In another experiment the colored gelatin of the above experiment was replaced with a seven percent clear gelatin solution and pumped with a smaller pump. Here again cross-sections of the dried films showed excellent separation of the gelatin and emulsion layers.

In order to determine whether this coating apparatus might also be satisfactory for the application of lightsensitive emulsions used in the manufacture of color print material, the following coatings were made on a cellulose acetate support using this dual feed hopper and producing a coated product shown in Fig. 4. As shown in Fig. 4, this coated product comprises a support or web W of cellulose acetate having successive layers of a bluesensitized silver chlorobromide emulsion B, a red-sensitized silver chlorobromide emulsion R, a green-sensitized silver chlorobromide emulsion G and a clear gel layer C in that order. Since only a dual feed hopper was used, the first two emulsions R and B were applied simultaneously and then the third emulsion and the clear gelatin layers G and C, respectively, were applied simultaneously atop the first two layers after they were completely dried.

In making this color print coating the blue-sensitized emulsion contained 5.6 percent gelatin and a yellow coupler and was coated at the rate of 16.72 pounds per silver mole and 1.78 pounds per 100 square feet giving a coverage of 940 square feet per silver mole. The redsensitized emulsion contained 5.6 percent gelatin and a cyan coupler and was coated at the rate of 21.30 pounds per silver mole and 1.78 pounds per hundred square feet giving a coverage of 1200 square feet per silver mole. The green-sensitized emulsion containing 5 .6 percent gelatin and a magenta coupler and was coated at the rate of 17.1 pounds per silver mole giving a coverage of 965 square feet per mole. And the clear gelatin which contained seven percent gelatin was coated at the rate of .89 pounds of solution per hundred square feet.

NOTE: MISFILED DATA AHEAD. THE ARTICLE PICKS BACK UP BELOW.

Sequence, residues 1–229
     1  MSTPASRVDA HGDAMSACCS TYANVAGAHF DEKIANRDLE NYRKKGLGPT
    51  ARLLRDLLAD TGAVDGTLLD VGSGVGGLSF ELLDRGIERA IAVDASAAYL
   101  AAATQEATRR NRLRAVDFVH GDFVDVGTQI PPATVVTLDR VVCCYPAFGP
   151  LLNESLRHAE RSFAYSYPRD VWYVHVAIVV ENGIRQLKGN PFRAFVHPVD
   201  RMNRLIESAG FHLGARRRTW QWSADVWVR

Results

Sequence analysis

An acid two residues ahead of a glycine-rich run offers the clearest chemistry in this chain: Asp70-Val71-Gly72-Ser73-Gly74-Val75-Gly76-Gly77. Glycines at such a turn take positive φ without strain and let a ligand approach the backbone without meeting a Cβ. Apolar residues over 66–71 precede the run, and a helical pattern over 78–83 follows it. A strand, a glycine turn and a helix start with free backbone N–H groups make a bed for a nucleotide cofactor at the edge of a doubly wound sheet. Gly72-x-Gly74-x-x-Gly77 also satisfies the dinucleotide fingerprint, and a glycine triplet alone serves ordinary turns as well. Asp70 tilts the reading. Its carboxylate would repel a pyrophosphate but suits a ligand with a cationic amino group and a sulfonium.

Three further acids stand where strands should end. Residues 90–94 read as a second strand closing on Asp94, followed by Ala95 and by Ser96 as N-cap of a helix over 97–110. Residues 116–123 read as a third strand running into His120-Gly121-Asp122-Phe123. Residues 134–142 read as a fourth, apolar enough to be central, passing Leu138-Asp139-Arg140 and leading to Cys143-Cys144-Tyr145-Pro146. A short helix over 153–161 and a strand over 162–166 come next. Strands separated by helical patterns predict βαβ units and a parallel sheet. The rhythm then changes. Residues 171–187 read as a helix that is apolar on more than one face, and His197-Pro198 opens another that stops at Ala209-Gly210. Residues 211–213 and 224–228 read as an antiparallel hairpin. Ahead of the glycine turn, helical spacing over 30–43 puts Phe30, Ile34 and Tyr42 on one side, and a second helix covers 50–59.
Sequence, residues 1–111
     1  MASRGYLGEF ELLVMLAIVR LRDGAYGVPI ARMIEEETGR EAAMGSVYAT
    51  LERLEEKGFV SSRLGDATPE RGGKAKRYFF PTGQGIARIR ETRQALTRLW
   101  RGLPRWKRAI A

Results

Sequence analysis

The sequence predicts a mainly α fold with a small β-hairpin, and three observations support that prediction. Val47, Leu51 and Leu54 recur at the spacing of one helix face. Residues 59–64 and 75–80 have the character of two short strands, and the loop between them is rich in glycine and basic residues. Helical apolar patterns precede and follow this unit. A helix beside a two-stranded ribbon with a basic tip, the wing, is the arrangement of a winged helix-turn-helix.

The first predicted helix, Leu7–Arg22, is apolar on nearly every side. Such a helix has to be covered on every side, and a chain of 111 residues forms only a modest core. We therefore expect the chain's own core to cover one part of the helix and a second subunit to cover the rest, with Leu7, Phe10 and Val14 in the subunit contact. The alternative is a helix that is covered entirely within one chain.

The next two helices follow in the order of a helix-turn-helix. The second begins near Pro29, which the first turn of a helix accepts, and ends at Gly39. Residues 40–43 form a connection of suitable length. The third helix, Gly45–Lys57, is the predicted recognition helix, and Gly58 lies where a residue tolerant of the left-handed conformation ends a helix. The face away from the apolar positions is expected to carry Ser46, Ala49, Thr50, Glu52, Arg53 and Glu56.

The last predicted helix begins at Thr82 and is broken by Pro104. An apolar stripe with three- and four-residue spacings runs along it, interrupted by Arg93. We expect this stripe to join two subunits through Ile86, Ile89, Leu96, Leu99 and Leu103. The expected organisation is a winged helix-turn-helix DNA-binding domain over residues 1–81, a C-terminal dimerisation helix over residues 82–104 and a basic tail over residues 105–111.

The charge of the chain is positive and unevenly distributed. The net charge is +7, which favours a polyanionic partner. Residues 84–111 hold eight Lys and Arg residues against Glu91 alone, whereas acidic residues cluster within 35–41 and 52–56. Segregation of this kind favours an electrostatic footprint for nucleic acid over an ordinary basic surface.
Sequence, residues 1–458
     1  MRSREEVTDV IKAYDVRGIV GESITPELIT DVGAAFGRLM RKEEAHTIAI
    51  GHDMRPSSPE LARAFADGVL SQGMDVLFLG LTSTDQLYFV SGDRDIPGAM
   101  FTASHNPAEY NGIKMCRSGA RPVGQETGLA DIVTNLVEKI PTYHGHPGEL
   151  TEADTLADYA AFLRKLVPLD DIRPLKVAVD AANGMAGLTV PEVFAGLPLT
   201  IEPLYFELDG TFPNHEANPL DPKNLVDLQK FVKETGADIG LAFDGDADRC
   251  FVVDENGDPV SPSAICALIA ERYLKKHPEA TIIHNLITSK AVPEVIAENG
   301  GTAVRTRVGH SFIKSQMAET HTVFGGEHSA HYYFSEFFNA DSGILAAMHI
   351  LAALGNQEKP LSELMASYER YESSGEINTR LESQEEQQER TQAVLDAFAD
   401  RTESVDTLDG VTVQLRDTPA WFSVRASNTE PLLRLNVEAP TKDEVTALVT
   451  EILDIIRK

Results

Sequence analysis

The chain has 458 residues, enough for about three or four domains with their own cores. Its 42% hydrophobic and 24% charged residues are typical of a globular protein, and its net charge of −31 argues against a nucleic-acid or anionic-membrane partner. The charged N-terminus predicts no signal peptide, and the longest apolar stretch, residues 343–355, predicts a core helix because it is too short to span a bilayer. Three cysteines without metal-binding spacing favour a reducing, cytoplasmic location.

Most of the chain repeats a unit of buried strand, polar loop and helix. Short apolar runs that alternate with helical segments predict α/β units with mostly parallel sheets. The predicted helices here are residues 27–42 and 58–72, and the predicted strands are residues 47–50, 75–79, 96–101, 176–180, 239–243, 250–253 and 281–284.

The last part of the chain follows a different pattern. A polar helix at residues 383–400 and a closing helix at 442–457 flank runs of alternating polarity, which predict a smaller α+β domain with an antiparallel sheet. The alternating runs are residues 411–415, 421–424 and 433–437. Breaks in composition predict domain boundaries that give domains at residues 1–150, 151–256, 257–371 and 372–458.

Visual inspection of cross-section studies of these coatings showed no greater contamination between layers than for layers of the same materials applied one layer at a time as in conventional practice.

With a triple feed hopper constructed according to Fig. 5, three separate coating compositions were simultaneously applied to the surface of a web in distinct layer relationship. This hopper 26 has an exit slot 30, the lips 32 of which are slightly spaced from the surface of a web W backed by a roll 13 which may serve to continuously move the web past the hopper slot as before. It is also to be understood that this hopper 26 can be carried by a mount like hopper 10 of Fig. 1 so that the hopper can be properly adjusted relative to the web surface to obtain the best coating results. The interior of the hopper is divided by partitions 31 and 31' into three separate cavities C, Cr and C2 placed in communication with the exit slot 30 by ribbon or layer forming slots 38, 37 and 36, respectively. One fluid coating composition S" which is to be in the bottom layer L" is pumped into cavity C2 through the lower inlet 33, the coating composition S which is to be the center layer L is pumped into cavity C1 through inlet 34, and the coating composition S which is to be the top layer L is pumped into cavity C through the top inlet 35. Each of these compositions is fed into the hopper by a separate pump P of the metering or constant discharge type. The three coating compositions are then directed toward the exit slot 30 in the form of ribbons or layers by slots 36, 37 and 38, and these ribbons, after being combined in surface relation prior to, or immediately upon entering the exit slot, flow through said exit slot 39 in the proper striated relationship. In this case the width of the intermediate layer L will be less than that of the outer layers because the average velocity of the intermediate layer is higher than the average velocity at the edges due to the friction between the outer layers and the faces of the exit slot. The striated relationship of the different coating compositions is retained in the coating bead 17 so that the three different coatings are deposited simultaneously onto the Web in the proper layer relationship as the web moves across and in contact with the bead.